Hype City Soundtrack could easily be considered the band’s first album, were it not for the fact that it has remained unreleased (and legally unobtainable) since its initial run in 1993. In fact, it wasn’t until 2012, after the band’s post-hiatus reformation, that the cassette was leaked online. For that reason, many long time fans of Neutral Milk Hotel have never heard, or even heard of, Hype City Soundtrack.

Due to the evolving nature of these albums, it may be best that newcomers to Neutral Milk Hotel begin with listening to Hype City Soundtrack before any of the LPs or earlier demos. While Beauty, Invent Yourself a Shortcake, and several other demos tapes came before this album, Hype City Soundtrack is recorded with much better quality and the music is MUCH more accessible. With that in mind, I recommend listening to the Neutral Milk Hotel discography in this order:
1. Hype City Soundtrack
2. On Avery Island
3. In the Aeroplane Over the Sea
4. Other releases (Invent Yourself a Shortcake, Ferris Wheel on Fire, Beauty and any other demo tapes)

The back of the insert from the original cassette release.

Hype City Soundtrack begins with a simple track, The Synthetic Flying Machine. The lyrics, melody, and some of the instrumentation were later copy-and-pasted into The King of Carrot Flowers Part 3 – an opening song on the band’s later release, In the Aeroplane Over the Sea. It’s simple and empty compared to the later version of the song, which might be why I love it so much. The raw and grainy aesthetic illustrates the bands origins; recording in a garage and printing on dollar store cassettes.

There’s something beautiful about that kind of simplicity.

From there, we move onto my two favorite songs from this album, Wood Guitar and Tuesday Moon. Again, the minimalism of Jeff’s writing is easy to hear. Basic chord progressions, flowing melodies, and that blue gritty tone. Be sure to listen in for the subtle instrumentation at the end of Tuesday Moon, it’s the kind of ominous and dense composition that is found in later Neutral Milk Hotel albums.

The following three songs are filled to the brim with samples, dinging bells, heavily distorted guitars, and Jeff’s SCREAMING voice. Honestly, these tracks are quick, and are more about fun than any musical significance. These songs put one in mind of a less abrasive and far jollier tribute to The Beatles’ Revolution 9 or some other equally odd sound sculpture.

Conversely, the next track is Gardenhead/Leave Me Alone. This tune would later be featured in the album On Avery Island. The song, as it is presented here, feels complete, unlike on earlier demos. It flows, and grows, and tells a story that seems familiar and impossible. Distorted acoustic guitar and Jeff’s nasally voice – that’s all that’s in this song, and it’s more than enough to create a solid track.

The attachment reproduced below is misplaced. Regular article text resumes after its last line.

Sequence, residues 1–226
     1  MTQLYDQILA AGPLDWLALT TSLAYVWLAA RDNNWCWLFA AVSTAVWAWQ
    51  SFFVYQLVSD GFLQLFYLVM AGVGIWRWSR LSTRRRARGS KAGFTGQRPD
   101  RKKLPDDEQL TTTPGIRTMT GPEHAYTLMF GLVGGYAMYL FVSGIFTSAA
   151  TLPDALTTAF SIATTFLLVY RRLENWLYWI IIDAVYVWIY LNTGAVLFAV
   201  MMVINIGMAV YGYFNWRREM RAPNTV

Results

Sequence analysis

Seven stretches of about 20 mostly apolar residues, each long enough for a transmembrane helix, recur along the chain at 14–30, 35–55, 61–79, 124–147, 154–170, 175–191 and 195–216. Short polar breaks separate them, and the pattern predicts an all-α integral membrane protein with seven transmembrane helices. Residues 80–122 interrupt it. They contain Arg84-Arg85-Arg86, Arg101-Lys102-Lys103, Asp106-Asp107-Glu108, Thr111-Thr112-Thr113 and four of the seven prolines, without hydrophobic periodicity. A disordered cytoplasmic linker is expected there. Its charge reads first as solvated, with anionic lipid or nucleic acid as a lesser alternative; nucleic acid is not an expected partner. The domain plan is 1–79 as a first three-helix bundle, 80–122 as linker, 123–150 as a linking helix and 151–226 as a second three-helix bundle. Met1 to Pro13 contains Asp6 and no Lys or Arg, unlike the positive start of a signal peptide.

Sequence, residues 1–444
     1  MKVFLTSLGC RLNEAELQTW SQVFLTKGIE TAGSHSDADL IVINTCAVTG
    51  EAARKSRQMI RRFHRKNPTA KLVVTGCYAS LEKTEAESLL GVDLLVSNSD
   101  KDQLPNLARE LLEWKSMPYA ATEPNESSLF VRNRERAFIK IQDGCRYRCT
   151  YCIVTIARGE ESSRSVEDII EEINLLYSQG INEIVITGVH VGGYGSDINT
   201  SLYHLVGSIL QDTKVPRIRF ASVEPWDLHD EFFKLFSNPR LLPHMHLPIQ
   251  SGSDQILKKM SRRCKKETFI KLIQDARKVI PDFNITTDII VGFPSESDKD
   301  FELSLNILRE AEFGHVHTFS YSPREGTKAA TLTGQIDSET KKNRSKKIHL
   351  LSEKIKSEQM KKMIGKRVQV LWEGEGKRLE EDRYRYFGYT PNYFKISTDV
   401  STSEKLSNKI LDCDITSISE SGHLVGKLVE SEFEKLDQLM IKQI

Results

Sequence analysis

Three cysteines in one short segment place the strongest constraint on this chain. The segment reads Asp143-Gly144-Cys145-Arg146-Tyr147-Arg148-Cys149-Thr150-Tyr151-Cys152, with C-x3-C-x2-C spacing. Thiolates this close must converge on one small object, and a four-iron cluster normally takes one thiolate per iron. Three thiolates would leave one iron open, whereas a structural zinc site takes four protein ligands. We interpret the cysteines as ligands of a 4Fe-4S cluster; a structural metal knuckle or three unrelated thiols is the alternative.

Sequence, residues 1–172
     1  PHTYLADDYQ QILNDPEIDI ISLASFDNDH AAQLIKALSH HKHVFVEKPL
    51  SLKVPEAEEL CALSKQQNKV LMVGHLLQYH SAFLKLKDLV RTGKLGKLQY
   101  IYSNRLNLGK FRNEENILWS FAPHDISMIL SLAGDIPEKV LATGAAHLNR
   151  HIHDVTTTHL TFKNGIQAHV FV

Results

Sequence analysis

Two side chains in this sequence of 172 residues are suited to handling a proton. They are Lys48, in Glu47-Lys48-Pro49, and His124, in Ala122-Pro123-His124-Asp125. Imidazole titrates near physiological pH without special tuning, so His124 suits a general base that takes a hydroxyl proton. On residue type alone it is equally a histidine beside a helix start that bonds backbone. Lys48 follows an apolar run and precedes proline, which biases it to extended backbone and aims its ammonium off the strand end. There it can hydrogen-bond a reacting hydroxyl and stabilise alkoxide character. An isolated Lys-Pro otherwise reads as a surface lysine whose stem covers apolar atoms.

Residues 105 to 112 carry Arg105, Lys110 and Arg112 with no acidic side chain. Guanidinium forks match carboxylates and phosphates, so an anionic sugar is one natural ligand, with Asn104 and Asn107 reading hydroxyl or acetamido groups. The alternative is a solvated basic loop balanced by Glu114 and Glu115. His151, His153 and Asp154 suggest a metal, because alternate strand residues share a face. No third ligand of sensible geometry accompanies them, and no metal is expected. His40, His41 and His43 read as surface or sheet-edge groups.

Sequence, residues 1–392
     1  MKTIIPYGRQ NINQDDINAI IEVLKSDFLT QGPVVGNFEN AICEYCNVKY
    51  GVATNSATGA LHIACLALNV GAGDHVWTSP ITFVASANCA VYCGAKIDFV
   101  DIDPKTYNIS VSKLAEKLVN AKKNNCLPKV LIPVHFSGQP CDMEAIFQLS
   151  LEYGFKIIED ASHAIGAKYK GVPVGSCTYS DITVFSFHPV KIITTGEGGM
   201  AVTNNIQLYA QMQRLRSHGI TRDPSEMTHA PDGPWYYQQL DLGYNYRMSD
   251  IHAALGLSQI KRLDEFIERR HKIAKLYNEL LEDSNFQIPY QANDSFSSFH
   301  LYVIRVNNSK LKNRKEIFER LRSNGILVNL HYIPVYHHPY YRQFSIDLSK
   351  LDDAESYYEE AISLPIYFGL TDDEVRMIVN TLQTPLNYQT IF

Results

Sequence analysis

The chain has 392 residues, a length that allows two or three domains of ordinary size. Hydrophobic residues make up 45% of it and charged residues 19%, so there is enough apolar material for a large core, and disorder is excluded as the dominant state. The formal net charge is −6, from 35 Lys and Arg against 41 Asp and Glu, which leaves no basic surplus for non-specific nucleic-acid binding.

Biscuit is the following song, a noisy folk song with some samples, some spoken word, and A LOT of banjo. Los Angeles and Piggy come right after and they’re two other noisy, lo-fidelity tracks with some weird instrumentation and samples.

Engine closes this album – a Neutral Milk Hotel classic that they continue to play live to this day. It’s a somber and eerie melody, a continuous theme of Neutral Milk Hotel’s. This is partially due to Jeff Mangum’s singing, and partially from his mysterious lyrics.

Jeff Mangum live, solo, in 2012.

“Then take up your windows and watch as the sweet babies crawl AWAAAAAAAAAAAAAAAAAY”

Hype City Soundtrack is completely indicative of Neutral Milk Hotel’s origins. While some of the albums songs can seem unconventional and challenging, Jeff Mangum manages to create a solid release that paved the way for many later works. It’s a gem that even devout Neutral Milk Hotel fans may have overlooked.

Favorite songs: Synthetic Flying Machine, Wood Guitar, Tuesday Moon, Engine, Gardenhead/Leave Me Alone, and Biscuit

Least favorite songs: Los Angeles and Piggy

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AR Records

The first step in the Analog Revolution is records.

We are a record label.

We’re pressing records. Ourselves. This is unique. And  awesome.

We’ve cut one EP so far, and we are pressing copies of it in Andrew’s basement. The ability to make 7″ records in small batches is something that no one else can currently boast. We hope to move out to 10″ and 12″ records soon.

The music that we are releasing will come straight from our back yard. These are the musicians that make up our hometowns.

Watch this space for information about our upcoming releases. (and sign up for our mailing list, or tumblr, or twitter, or whatever, for more information! )

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We support local artists and musicians. Someday soon in our store,  you will find T-shirts, posters, art prints, and original artwork by many local artists and designers available for purchase. The majority of the profit from these items goes straight back to the people who created them.

We also occasionally run articles about local art and artists.